6. Depending on our sample size, we can draw conclusions with a certain level of confidence. • We can be 95% confident... • We may even be 99% confident... • But nothing is 100% confident in science (Yikes... That makes my scientific brain hurt...TOK application!!!).

  7. Descriptive Statistics • The mean and the standard deviation describe the data – they show us a picture that helps with interpretation of the data.

  8. Mean • The MEAN is the average of your data points. It is calculated by adding your data points together and dividing by how many points there are. • Example: • Look at these numbers: 3, 7, 5, 13, 20, 23, 39, 23, 40, 23, 14, 12, 56, 23, 29 • The sum of these numbers is equal to 330 • There are fifteen numbers. • The mean is equal to 330 ÷ 15 = 22

  9. Range • Is the measure of the spread of data. It is calculated by finding the difference between the largest and smallest values. • The range can give us an idea of how variable the data is • Example: • Largest value is 15, smallest value is 5 • The range is 10 (15 – 5 = 10) • Note: very large and very small values, called outliers, can have a very dramatic effect on the range.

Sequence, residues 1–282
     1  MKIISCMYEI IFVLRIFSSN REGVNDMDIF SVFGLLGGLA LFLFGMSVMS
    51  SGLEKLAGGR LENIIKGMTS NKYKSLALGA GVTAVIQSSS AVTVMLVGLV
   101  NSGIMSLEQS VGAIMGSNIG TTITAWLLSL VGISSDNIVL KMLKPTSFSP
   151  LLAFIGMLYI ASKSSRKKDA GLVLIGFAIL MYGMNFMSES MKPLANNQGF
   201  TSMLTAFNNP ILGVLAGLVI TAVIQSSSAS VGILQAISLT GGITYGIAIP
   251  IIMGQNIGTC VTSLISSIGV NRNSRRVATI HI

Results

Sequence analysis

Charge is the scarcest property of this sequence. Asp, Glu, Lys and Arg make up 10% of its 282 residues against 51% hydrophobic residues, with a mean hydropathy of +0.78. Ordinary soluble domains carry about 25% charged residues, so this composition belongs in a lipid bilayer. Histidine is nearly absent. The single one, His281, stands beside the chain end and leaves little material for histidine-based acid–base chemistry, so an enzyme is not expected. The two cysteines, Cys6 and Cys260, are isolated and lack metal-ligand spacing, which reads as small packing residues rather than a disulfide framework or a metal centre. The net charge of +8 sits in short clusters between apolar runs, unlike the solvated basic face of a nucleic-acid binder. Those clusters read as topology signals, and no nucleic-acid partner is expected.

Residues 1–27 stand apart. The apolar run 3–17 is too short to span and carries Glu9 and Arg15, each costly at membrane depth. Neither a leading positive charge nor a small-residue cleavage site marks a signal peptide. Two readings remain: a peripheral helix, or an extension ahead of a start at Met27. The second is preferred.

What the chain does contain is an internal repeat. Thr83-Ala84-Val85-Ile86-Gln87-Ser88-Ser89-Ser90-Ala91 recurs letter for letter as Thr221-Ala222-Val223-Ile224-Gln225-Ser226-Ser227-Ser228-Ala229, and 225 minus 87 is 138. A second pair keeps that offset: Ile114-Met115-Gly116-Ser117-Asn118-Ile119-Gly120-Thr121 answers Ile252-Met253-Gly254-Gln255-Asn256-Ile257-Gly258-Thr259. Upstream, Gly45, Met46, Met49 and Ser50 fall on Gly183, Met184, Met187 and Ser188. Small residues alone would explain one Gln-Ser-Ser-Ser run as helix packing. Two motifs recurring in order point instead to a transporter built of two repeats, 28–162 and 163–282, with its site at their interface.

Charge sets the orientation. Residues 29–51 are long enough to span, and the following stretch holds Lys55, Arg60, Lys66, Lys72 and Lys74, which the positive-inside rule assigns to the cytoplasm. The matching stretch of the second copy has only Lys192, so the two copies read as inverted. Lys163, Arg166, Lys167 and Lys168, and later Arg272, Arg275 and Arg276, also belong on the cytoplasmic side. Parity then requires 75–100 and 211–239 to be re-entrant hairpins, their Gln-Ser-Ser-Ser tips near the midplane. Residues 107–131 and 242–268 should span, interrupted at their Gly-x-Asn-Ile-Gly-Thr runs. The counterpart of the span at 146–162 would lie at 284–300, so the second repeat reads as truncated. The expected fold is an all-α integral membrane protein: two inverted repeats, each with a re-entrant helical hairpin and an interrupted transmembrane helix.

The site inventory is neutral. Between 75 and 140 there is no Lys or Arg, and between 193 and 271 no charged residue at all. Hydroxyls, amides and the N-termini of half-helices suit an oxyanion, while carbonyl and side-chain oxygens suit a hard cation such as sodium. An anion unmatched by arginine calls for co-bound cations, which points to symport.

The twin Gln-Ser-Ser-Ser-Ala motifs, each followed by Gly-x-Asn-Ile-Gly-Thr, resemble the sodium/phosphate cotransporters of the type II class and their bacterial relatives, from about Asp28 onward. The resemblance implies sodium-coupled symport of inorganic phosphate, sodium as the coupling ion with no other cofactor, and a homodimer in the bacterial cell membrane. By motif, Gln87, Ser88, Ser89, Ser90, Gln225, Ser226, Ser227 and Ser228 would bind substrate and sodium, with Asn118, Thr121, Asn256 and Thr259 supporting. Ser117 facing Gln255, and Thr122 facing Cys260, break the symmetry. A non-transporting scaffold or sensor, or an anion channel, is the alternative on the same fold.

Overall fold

10. Standard Deviation (SD) • Measures how the individual observations of a data set are dispersed (spread)around the mean. • We will learn how to calculate SD by hand but usually you will use your graphing calculator or Excel.

  11. Calculating SD

  12. Try the example on your handout. • I find a table helps to organize the calculation of SD • NOTE: In Biology, we are calculating the sample standard deviation. In math, you will calculate the population standard deviation. Funny s for math, Sx for biology on your graphing calculators!

  13. We use standard deviation to measure the spread of our values around the mean. • If our data has normal distribution (meaning our values are clustered around the mean) then we assume that: • About 68% of our values lie within ± 1 SD of the mean. • This number rises to 95% for ± 2 SD from the mean.

  14. Error Bars • Are graphical representations of the variability of the data. Error bars can show either the range of the data or the SD on a graph.